When cutting in the direction of ventilation airflow as shown in FIG. 1, the dust would likely be carried away from the scrubber. To eliminate that tendency, auxiliary air movement means can be used. In one embodiment, water spray means 50 are mounted at various locations around the cutter drum; see FIG. 3. The water supply for the spray means 50 could be provided from the supply used in the existing cutter bit cooling and dust suppression sprays. The water spray means 50 would cause a local air velocity directed towards the scrubber intake regardless of the direction of ventilation airflow, with respect to the shearer operation, thus aiding the dust cloud capture efficiency of the scrubber 20. Flexible spray supports 51 such as piping, tubing, or hinged arms, capable of withstanding impacts from flying coal chunks would be used. An alternative embodiment, not shown, for the auxiliary air movement means would be the use of duct enclosures mounted near the cutter drum which would capture the generated dust-laden air and direct the flow back to the scrubber area.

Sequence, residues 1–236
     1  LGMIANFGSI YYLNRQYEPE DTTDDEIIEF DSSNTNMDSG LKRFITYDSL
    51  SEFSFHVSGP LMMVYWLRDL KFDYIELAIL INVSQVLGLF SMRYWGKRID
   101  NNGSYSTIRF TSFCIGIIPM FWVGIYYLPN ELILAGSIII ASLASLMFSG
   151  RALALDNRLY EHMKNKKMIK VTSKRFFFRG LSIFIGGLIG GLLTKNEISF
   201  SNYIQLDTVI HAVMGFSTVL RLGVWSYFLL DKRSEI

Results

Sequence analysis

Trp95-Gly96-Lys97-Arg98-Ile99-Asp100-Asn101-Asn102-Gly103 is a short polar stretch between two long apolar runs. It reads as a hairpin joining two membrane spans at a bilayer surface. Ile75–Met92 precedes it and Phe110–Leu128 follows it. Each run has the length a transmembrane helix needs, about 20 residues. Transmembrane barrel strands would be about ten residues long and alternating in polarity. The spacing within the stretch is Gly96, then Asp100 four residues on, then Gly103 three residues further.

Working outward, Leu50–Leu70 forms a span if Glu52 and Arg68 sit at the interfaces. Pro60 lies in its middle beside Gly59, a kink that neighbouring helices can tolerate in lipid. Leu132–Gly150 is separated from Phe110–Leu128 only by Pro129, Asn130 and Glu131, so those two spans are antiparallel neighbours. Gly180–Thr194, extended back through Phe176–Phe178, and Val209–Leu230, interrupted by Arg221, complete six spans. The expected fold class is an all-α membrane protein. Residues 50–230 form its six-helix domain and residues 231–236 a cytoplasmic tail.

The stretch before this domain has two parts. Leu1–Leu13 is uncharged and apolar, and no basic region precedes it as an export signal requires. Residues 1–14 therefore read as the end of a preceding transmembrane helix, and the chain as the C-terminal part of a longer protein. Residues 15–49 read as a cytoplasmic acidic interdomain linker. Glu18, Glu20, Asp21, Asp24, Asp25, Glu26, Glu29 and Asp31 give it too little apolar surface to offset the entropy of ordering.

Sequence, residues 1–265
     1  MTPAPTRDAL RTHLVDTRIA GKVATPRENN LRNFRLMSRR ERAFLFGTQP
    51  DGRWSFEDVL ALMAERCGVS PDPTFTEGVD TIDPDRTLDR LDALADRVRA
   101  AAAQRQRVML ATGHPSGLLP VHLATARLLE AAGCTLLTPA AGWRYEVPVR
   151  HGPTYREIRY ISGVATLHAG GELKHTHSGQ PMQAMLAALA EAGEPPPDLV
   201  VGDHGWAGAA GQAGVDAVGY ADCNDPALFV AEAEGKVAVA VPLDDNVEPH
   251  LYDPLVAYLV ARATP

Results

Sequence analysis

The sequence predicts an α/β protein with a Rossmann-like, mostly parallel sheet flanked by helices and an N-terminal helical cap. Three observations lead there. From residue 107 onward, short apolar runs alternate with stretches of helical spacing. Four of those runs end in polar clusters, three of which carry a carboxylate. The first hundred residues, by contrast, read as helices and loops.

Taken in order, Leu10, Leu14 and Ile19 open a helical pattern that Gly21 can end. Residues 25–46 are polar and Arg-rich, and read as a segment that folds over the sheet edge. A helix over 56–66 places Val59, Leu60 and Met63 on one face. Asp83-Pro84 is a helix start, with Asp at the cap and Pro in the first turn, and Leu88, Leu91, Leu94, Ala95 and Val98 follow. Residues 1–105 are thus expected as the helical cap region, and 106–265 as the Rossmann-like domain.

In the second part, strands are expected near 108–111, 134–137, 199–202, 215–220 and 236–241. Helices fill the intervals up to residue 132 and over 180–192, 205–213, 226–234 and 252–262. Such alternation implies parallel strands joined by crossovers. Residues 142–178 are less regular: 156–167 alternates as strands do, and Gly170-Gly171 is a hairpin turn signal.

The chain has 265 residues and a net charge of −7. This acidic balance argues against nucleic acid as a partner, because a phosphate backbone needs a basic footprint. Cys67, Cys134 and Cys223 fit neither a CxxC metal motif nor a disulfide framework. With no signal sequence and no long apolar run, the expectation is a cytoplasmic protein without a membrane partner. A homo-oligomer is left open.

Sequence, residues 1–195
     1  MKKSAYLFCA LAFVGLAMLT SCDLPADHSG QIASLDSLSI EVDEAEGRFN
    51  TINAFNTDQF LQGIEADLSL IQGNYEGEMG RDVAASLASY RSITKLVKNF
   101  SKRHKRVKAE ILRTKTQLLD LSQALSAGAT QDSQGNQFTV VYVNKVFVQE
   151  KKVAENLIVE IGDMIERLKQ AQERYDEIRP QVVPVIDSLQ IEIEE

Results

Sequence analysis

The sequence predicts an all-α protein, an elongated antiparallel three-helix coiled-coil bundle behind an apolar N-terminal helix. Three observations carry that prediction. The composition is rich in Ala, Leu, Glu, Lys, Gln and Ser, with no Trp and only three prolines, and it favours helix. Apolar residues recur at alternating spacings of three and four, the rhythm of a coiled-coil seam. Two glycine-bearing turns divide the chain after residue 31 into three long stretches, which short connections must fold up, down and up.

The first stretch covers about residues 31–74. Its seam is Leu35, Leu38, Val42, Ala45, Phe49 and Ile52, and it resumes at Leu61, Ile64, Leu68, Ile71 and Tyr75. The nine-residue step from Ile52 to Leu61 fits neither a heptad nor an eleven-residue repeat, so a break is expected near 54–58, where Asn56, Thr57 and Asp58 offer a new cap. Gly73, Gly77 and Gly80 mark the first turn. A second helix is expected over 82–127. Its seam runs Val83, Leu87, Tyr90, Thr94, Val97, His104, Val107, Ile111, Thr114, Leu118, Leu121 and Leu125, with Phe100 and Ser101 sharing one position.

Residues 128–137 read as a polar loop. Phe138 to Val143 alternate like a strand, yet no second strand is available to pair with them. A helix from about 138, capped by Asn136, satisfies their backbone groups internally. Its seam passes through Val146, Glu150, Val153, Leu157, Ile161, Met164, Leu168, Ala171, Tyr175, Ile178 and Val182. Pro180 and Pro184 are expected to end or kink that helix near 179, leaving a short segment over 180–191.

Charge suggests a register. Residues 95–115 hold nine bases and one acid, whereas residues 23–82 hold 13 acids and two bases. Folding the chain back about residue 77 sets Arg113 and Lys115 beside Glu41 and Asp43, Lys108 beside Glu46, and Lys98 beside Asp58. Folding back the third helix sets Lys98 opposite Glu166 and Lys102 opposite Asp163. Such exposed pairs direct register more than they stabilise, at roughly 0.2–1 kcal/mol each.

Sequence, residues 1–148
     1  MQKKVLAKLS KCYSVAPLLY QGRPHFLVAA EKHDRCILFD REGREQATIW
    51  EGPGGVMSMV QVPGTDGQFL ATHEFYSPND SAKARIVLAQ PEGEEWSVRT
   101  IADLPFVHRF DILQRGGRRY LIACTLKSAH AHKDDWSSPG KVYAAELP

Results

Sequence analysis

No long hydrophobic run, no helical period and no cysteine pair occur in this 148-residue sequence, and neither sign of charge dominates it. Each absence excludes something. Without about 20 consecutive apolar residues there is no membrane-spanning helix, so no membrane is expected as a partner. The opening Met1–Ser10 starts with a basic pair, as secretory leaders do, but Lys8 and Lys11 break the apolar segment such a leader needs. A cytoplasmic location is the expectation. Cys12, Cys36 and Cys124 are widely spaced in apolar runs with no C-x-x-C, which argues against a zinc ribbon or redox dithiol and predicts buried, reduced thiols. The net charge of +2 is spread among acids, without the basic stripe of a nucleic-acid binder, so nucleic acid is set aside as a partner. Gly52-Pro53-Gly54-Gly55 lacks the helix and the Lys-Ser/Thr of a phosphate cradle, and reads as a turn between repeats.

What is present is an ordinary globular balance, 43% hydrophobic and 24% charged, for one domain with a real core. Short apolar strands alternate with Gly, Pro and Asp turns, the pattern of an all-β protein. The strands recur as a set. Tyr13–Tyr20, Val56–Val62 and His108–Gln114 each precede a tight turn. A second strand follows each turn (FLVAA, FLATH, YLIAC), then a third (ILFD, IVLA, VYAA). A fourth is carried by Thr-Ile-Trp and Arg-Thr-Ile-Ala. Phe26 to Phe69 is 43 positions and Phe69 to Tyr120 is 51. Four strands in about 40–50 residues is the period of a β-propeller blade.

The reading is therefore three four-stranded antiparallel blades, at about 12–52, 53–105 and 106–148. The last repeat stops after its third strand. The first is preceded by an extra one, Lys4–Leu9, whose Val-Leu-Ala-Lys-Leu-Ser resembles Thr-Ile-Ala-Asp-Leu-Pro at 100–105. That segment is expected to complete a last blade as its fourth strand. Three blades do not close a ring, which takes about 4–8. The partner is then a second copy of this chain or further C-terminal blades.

As described above, the present dust scrubber invention is a compact filtering device requiring only a source of water to move the dust-laden air. This is a significant improvement from the familiar venturi-type scrubbers which typically relay on a fan to move both the water and air and which are too large and long for any practical use in underground mining applications.
A cutter drum of a long-wall shearer generates a tremendous amount of dust which in the confined area of an underground mine operation must be removed by the ventilation air flow or other means to meet the safety standards necessary for mine safety. The present scrubber invention provide a compact design and effective filtering of cutter generated dust.